And so it is that for more than 5,000 years, without the benefit of an EEG, humans have been trail-and-erroring our way through instructional techniques and methods to develop best-of-breed practices to teach and learn in various contexts. Caine and Caine (1991) sought to develop a set of guidelines based on science-based interventions to enhance instructional treatment a priori based on what we’ve learned about the brain and cognition and ensure that the methodology and techniques applied provide measurable outcomes.

What is Brain Science?

The term brain science, at least in the context of learning and development, was coined in 1991 by a husband and wife research team focusing on instructional practices in primary and secondary education (Caine & Caine, 1991). The research focused on applying an interdisciplinary approach to learning that included cognitive psychology, neuroscience, and has expanded to include computer science, biology, anthropology, and related disciplines.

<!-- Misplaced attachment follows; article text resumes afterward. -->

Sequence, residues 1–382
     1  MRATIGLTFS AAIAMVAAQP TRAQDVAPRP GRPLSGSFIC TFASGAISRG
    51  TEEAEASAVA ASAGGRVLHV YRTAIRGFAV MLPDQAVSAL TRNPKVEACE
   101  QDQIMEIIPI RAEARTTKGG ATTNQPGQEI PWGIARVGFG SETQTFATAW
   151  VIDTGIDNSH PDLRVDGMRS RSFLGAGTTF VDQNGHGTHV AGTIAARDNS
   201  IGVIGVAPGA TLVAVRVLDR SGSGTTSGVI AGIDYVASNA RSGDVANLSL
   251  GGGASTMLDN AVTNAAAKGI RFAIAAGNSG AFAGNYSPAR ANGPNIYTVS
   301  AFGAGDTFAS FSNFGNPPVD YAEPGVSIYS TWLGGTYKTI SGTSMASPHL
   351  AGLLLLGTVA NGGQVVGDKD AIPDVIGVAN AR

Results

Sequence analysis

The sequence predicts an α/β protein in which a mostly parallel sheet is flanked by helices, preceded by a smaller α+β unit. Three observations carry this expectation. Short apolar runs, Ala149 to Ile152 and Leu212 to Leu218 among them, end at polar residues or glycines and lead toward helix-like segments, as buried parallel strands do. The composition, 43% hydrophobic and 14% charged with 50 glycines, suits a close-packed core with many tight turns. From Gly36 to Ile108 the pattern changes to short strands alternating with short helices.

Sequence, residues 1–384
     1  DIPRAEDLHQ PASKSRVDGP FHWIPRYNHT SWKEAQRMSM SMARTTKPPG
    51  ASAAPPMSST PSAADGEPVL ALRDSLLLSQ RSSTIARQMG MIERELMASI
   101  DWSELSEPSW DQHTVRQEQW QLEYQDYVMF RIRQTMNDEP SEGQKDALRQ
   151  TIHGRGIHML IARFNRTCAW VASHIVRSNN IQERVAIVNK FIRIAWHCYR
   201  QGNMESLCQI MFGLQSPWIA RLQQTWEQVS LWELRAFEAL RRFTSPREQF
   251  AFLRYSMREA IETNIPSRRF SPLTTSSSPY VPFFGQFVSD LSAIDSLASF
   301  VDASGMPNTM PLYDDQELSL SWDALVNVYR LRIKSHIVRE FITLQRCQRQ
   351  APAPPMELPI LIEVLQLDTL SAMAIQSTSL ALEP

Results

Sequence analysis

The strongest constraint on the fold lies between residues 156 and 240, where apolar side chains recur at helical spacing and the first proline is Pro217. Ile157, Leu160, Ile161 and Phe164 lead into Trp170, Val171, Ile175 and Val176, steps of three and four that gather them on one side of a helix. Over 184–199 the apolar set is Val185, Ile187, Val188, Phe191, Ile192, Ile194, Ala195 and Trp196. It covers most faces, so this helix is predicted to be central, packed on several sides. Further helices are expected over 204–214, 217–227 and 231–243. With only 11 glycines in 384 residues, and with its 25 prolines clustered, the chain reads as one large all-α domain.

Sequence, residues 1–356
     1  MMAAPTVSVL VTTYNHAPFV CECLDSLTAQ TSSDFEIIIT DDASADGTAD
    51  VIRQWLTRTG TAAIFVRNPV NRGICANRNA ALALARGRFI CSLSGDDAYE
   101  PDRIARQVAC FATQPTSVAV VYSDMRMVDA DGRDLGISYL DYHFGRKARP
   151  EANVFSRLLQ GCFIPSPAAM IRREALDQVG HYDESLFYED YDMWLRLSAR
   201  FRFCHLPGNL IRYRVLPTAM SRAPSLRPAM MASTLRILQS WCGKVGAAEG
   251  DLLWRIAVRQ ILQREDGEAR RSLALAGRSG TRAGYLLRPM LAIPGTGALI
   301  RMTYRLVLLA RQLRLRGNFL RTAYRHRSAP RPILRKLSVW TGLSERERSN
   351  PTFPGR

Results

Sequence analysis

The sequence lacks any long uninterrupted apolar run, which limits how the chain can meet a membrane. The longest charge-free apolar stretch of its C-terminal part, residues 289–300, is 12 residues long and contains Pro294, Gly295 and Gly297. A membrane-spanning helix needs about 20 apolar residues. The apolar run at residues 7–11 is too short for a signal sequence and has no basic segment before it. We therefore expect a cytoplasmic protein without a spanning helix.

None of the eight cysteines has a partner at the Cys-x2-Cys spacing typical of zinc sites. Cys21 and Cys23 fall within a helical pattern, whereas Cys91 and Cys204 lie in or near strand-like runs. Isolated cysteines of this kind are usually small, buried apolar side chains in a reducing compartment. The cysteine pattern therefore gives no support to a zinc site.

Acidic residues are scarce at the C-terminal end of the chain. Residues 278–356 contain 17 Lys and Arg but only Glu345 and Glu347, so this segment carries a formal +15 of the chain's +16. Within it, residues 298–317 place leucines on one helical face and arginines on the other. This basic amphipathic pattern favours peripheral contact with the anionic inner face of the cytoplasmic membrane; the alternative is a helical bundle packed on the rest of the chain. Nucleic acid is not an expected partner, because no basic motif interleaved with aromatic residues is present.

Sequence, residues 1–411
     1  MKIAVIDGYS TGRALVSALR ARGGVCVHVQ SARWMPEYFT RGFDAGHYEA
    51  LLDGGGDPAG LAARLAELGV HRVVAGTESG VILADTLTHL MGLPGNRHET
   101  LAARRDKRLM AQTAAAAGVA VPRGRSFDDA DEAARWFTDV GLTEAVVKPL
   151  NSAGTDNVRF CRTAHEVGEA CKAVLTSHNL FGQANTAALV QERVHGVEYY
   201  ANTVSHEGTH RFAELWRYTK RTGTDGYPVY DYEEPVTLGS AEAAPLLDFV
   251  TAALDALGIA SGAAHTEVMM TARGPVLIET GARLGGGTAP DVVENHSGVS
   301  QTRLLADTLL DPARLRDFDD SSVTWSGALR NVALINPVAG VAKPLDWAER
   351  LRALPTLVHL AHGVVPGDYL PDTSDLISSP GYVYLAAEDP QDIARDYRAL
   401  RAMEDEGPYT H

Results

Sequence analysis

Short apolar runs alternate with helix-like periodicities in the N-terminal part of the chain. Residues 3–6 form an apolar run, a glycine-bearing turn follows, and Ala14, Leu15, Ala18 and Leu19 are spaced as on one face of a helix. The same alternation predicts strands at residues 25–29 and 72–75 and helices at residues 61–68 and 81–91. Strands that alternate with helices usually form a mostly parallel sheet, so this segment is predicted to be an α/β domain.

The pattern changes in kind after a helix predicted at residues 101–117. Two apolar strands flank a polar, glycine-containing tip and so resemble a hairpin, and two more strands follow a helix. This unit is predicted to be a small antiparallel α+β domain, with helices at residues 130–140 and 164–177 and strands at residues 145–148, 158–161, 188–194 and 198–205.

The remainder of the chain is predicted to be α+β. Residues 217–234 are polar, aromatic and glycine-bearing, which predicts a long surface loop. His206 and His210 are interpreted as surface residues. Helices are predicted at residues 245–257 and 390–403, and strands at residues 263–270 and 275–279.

Cognitive psychology involves the study of mental processes—all of the things that go on inside your brain, including creativity, perception, thinking, memory/recall, attention, language, problem-solving, and learning, and the observable phenomena around these processes with the environment. There are numerous practical applications for cognitive psychology, ranging from therapeutic treatment for brain injury to developing decision making protocols to enhancing instructional effectiveness to instructional strategies in the classroom to enhance recall and application.

Neuroscience is a field of study encompassing the various scientific disciplines dealing with physical structures, development, function, chemistry and pathology of the brain and nervous system. Like cognitive psychology, neuroscience has a broad application in medicine, therapy, and education.

Within the context of learning and development, it may help to think about

  • neuroscience as studying the physical changes in the brain while learning,
  • and cognitive psychology as studying the intangibles of thought and reasoning and environmental interactions as learning occurs.

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Measurability and the Learner